Jump to Main Content
Indels within promoter and intron 1 of bovine prion protein gene modulate the gene expression levels in the medulla oblongata of two Japanese cattle breeds
- Msalya, G., Shimogiri, T., Nishitani, K., Okamoto, S., Kawabe, K., Minesawa, M., Maeda, Y.
- Animal genetics 2010 v.41 no.2 pp. 218-221
- DNA, Wagyu, bovine spongiform encephalopathy, cattle, gene expression, genes, genetic variation, genotype, goats, humans, introns, medulla oblongata, messenger RNA, mice, open reading frames, prions, promoter regions, quantitative polymerase chain reaction, sheep, transgenic animals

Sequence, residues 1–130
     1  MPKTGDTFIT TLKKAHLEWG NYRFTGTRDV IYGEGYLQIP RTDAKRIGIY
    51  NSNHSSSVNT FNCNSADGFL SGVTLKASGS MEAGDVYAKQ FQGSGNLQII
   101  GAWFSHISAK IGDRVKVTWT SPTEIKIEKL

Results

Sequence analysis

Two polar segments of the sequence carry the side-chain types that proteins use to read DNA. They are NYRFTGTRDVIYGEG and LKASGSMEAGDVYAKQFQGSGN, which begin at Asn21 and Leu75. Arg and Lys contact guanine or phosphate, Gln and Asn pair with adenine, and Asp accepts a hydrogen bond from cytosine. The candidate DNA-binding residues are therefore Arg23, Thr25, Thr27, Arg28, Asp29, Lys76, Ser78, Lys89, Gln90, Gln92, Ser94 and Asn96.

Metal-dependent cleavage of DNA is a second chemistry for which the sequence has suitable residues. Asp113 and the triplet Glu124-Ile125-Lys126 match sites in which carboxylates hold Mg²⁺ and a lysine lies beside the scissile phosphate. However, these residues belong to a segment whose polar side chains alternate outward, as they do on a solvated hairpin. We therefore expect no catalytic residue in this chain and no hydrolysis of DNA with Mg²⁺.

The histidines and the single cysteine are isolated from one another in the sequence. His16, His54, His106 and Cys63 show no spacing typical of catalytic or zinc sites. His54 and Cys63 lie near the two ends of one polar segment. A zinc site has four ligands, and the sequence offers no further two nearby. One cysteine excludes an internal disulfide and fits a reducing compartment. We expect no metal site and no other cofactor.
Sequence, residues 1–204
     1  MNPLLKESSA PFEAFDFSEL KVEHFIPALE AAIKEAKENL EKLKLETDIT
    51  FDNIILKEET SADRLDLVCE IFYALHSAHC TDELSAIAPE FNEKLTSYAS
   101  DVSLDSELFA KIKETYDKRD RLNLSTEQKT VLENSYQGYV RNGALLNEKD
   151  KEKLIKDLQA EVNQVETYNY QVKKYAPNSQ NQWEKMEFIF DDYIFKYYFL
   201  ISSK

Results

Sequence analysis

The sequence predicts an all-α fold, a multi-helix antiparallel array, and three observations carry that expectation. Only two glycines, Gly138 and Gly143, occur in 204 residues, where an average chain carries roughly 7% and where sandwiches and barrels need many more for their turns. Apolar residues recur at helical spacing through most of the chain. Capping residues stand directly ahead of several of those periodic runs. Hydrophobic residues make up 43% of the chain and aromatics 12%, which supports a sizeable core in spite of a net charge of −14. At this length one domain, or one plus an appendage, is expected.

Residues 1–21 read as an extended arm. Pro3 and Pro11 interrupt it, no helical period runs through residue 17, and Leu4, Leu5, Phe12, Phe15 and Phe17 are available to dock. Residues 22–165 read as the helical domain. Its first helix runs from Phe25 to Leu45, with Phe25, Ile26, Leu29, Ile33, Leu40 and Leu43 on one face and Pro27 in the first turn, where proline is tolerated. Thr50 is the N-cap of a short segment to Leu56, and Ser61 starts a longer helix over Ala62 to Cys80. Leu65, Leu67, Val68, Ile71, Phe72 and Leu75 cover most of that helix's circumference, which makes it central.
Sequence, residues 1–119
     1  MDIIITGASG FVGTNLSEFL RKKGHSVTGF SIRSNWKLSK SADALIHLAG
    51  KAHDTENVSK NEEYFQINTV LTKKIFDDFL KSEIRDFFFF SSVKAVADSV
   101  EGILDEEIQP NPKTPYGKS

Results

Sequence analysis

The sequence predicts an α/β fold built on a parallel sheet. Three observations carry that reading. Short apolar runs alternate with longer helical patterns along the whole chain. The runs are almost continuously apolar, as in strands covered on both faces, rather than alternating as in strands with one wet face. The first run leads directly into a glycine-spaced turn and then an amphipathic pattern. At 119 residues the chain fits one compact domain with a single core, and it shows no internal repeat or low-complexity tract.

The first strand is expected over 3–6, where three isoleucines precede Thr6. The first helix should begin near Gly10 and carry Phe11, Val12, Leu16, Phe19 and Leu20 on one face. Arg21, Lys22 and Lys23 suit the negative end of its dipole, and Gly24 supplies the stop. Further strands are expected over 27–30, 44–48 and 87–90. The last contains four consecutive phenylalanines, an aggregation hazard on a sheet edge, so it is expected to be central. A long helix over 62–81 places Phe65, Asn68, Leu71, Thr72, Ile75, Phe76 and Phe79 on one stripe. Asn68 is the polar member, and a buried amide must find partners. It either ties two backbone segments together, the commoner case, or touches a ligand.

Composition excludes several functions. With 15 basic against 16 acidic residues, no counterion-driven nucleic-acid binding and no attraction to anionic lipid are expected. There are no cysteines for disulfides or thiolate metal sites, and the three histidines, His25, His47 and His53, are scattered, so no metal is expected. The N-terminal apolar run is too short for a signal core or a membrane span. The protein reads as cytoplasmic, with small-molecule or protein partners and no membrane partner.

- Genetic differences which exist in the prion protein gene (PRNP) have been reported to influence susceptibility of humans, sheep and goats to prion diseases. In cattle, however, none of the known coding polymorphisms has a direct effect on bovine spongiform encephalopathy (BSE). It has been reported that 23-bp insertion/deletion (indel) polymorphisms within the promoter region have a tentative association to BSE susceptibility in German cattle, and a lower number of 24-bp repeat units in the open reading frame (ORF) was reported to reduce BSE susceptibility in transgenic mice. In this study, because of the hypothesis that bovine PRNP promoter polymorphisms cause changes in PRNP expression, we genotyped PRNP polymorphisms in the promoter and intron 1 using 218 genomic DNA samples from two Japanese cattle breeds. We also analysed the expression levels of prion in 40 animals by quantification of real-time PCR using mRNAs extracted from the medulla oblongata to study the relationship between PRNP genotypes and PRNP expression. We found a significant correlation between promoter indel polymorphisms and PRNP-mRNA expression (P₀.₀₄₁₃) and therefore hypothesize that differences in polymorphisms could be one of the causes of differences in PRNP expression levels. We also report a novel difference in PRNP expression (P < 0.0001) between Japanese Black and Japanese Brown cattle breeds. There was no significant difference based on age and sex of the animals.